Home > TheRest > The Makers – Strangest Parade

The Makers – Strangest Parade

Sub Pop Records, 2002

So who are these Makers and why do they look like I should already know them on the cover of their record?  They’ve all got that kind of greasy, careless long hair look that makes them appears as if they couldn’t be bothered.  The second guy from the left pulls a Paul Stanley impression and the guy to his left looks like he wants to murder me in an alleyway.  Hey, despite the ill feelings towards this music buying stranger, I picked up the disc because these guys exude a magnificent amount of confidence based on how they are lounging in shades in an inside cover picture.  I couldn’t be left out of this cool crowd.

Indeed, the Makers certainly put on an air in their music.  Michael Maker sings with a dramatic air throughout each song and, from what I can tell, doesn’t sound too happy about much.  That sentiment doesn’t mean that the music is tedious, though, thanks to the great rock n’ roll musicianship that supports him.  One of the best songs on this disc, and certainly one that I like to admit to myself from time to time, is “Hard to Be Human”.  Sometimes it is hard to be human, especially when I whack my knee on a table or lock myself out of my apartment.  That’s certainly when it sucks to be human, but the way Maker sings this song with conviction, it does sound he is having a hard time.  There there, Michael, dab those eyes with your clumped locks of hair.

Maker’s wails on “Calling Elvis, John and Jesus” rival those of David Bowie’s at his most pained, especially when he repeatedly asks “Can you heeeeear meeeee?”  Yeah dude, over and over again.  It’d have been more interesting if he was singing about some sort of space being waiting in the sky but that’s already been done wonderfully, so instead Maker loudly sighs about believing rock is dead and how futile things are without Elvis.  But the song sounds great!  Only a few songs in and I’m already grinning due to some of the ludicrousness of the lyrics, but I’m having a glam rockin’ time of it.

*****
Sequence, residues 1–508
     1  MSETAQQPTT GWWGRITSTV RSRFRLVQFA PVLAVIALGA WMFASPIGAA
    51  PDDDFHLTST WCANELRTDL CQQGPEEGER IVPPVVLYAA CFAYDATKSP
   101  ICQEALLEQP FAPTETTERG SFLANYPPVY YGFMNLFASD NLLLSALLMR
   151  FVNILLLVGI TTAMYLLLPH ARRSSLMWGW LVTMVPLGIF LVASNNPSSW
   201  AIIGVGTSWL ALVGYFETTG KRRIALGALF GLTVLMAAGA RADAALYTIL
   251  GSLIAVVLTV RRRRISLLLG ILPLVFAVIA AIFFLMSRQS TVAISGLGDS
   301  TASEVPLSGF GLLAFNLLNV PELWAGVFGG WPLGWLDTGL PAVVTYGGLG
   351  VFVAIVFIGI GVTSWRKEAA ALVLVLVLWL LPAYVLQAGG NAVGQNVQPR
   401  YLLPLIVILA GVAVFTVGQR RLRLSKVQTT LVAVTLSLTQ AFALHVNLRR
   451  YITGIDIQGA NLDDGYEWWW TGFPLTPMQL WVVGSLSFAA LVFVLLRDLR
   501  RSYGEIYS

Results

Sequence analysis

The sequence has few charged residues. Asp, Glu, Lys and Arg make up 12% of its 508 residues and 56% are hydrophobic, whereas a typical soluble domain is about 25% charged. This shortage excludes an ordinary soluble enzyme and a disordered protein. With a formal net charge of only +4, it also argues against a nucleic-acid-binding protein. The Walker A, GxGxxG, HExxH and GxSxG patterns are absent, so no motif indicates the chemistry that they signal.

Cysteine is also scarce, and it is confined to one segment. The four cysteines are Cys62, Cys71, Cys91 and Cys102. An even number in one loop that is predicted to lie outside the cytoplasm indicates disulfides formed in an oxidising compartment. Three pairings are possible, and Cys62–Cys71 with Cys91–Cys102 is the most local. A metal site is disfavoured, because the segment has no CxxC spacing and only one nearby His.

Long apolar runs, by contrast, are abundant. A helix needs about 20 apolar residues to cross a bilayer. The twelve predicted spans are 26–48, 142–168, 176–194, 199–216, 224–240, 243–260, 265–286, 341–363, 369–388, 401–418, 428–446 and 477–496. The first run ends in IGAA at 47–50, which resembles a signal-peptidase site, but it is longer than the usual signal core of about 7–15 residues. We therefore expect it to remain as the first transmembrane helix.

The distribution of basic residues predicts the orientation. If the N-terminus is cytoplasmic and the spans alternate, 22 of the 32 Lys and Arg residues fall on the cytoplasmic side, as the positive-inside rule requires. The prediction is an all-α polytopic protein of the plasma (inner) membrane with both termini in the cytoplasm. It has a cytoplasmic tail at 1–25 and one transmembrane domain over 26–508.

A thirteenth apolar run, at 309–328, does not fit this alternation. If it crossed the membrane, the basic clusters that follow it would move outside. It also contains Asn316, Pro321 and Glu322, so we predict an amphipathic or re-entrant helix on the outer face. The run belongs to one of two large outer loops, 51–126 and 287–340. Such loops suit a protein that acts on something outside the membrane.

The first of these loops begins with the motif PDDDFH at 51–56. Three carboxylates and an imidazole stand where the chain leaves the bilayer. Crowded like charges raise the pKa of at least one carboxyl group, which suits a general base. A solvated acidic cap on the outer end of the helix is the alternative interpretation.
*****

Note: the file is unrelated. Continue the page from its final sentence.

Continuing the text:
Despite the small bits of comedy, the Makers really do have an engaging rock record that has a lot of attitude.  Sure, much of it is posturing and over-sensation, but they certainly enjoy turning it up on other tracks like “Laughter Then Violence” and “Addicted to Dying”.  The Makers also spend a good deal of time getting sensitive with the listener during a few emotional moments sung by Maker, including a reference to a rainbow in “Dear Father, I Think I’m Falling”.  I think my dad would tell me to go sit on a rainbow if I sung that sappily but hey, we all know what this song stretch is all about, right?  The chicks.

It is certainly not a fantastic record of great success to the glam or hard rock genre, but I can appreciate the rock star image that the Makers have slicked together with leather and grimace.  You can’t always expect rock stars to be gritty and of the Springsteen ilk, so the variety of approach by the Makers certainly make things more interesting than twelve of the same songs.  And sure, it’s true that Maker does whine a little bit when he sings, but if you think of it Mick Jagger delivers his voice very similarly during certain songs from the seventies and eighties.  So, despite what appears to be a bit of a hiatus of the band, I think it’d be great if these guys burst back onto the music scene as if they owned it with another record.  C’mon guys, do you hear me on this one?  Do you heeeeear meeeee?!

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